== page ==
Volume 1 of the 2015 WELU we be available online starting Friday, March 6, 2015. The update can be found at http://pielc.org/western-environmental-law-update/.

    The update is currently accepting submissions for Volume 2 until April 3rd. Those interested in publication should write an article which focuses on pertinent, timely, legal issues affecting the environment on a local, regional, or international level.

    The submission should be between 1000 and 2500 words long. Citation format should follow Blue Book or ALWD Citation Manual and should be located in endnotes.

    For additional details, please contact Jesse Hardval at jhardval@uoregon.edu.

  • Severine von Tscharner Fleming to Keynote at PIELC 2015

    EUGENE, Ore. – (March 4, 2015) – Severine von Tscharner Fleming will give a keynote presentation at Changing Currents: the 33rd Annual Public Interest Environmental Law Conference, held at the University of Oregon.

    Severine is a farmer, activist, and organizer based in the Champlain Valley of New York. She is founder and director of The Greenhorns, a grassroots cultural organization with the mission to promote, recruit and support a growing movement of young farmers and ranchers in America. She is also a board member of the Schumacher Center for a New Economics, which sponsors The Agrarian Trust, a new initiative working to build a national network, tools, templates, and pilot projects to support new farmers with land access and opportunity. Severine is founder and organizer of Farmhack, an open-source community for farm innovation, which helps farmers connect, design, and sell appropriate, adaptable tools for sustainable farm systems. She is editor-in-chief of The 2013 New Farmers Almanac.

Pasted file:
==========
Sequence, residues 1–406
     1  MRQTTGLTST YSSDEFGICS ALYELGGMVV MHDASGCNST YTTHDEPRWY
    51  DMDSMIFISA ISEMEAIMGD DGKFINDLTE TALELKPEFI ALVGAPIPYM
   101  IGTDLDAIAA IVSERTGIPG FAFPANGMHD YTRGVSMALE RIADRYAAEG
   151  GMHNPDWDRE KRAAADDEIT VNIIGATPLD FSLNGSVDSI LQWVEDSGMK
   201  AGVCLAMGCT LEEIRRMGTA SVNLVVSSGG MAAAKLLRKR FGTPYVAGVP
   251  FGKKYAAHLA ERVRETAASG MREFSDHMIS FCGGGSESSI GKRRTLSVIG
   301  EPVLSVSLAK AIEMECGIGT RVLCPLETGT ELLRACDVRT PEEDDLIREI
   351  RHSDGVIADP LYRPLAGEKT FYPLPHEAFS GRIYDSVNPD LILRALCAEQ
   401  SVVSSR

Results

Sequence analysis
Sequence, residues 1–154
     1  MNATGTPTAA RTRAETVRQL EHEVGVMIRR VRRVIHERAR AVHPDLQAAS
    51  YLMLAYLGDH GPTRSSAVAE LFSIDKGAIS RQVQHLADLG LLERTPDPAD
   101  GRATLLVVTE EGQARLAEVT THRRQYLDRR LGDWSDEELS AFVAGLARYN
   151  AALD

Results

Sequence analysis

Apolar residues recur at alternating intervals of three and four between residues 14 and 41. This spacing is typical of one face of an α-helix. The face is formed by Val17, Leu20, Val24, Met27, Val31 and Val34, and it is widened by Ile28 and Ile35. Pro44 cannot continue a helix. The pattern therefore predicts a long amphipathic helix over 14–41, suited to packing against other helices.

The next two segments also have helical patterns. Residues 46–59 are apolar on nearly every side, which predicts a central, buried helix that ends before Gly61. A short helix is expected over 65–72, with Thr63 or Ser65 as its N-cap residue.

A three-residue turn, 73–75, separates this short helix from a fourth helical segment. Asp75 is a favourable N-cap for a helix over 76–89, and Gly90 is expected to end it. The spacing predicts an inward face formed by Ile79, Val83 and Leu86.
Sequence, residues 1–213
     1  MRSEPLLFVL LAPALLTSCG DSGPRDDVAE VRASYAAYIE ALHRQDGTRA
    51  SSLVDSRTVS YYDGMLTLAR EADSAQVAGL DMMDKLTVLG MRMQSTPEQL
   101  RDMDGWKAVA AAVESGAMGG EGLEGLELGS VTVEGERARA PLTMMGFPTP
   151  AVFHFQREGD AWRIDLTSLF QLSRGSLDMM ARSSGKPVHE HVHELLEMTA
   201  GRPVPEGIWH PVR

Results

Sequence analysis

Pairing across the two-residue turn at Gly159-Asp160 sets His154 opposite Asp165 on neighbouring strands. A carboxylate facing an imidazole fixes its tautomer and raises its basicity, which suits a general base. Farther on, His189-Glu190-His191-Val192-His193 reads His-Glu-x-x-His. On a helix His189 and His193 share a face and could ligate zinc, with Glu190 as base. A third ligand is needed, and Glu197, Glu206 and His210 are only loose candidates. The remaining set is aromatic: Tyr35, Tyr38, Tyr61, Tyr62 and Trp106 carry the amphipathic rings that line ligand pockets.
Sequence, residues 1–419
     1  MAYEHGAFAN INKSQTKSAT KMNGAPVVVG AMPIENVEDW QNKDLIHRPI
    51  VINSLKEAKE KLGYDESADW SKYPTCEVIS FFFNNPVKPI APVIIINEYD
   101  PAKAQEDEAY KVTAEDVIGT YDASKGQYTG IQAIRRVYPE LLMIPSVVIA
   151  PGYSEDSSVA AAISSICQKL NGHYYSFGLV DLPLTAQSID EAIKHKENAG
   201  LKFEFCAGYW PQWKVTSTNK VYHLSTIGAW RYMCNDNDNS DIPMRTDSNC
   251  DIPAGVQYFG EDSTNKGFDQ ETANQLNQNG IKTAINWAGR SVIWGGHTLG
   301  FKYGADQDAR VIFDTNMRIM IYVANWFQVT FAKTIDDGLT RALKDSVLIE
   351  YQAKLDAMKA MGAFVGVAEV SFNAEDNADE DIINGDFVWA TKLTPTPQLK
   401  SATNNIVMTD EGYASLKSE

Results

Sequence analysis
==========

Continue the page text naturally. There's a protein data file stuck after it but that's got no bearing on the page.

Severine attended Pomona College and University of California at Berkeley, where she graduated in 2008 with a B.S. in Conservation/AgroEcology. She co- founded the Pomona Organic Farm, UC Berkeley’s Society for Agriculture and Food Ecology, and the National Young Farmers Coalition.

    Severine von Tscharner Fleming

    photo from http://www.workman.com/authors/severine_von_tscharner_fleming/

    Severine also produces organic pork, rabbit, goose, duck, herbs, and teas, at Smithereen Farm in Essex, NY.

    Changing Currents: the 33rd Annual Public Interest Environmental Law Conference will take place March 5-8, 2015, at the University of Oregon School of Law in Eugene, Oregon. More information can be found at www.pielc.org.

  • Janelle Orsi to Keynote at PIELC 2015

    EUGENE, Ore. – (March 4, 2015) – Janelle Orsi will give a keynote presentation at Changing Currents: the 33rd Annual Public Interest Environmental Law Conference, held at the University of Oregon.

    Janelle Orsi is a lawyer, advocate, writer, and cartoonist focused on cooperatives, the sharing economy, urban agriculture, shared housing, local currencies, and community-supported enterprises. She is Co-founder and Executive Director of the Sustainable Economies Law Center (SELC), which facilitates the growth of more sustainable and localized economies through education, research, and advocacy. Janelle has also worked in private law practice at the Law Office of Janelle Orsi, focusing on sharing economy law since 2008.

    Janelle Orsi

    Photo from http://www.janelleorsi.com/

    Janelle is the author of “Practicing Law in the Sharing Economy,” and co-author of “The Sharing Solution: How to Save Money, Simplify Your Life & Build Community,” a practical and legal guide to cooperating and sharing resources of all kinds. In 2010, Janelle was profiled by the American Bar Association as a Legal Rebel, an attorney who is “remaking the legal profession through the power of innovation.” In 2012, Janelle was one of 100 people listed on The (En)Rich List, which names individuals “whose contributions enrich paths to sustainable futures.”

    Changing Currents: the 33rd Annual Public Interest Environmental Law Conference will take place March 5-8, 2015, at the University of Oregon School of Law in Eugene, Oregon. More information can be found at www.pielc.org.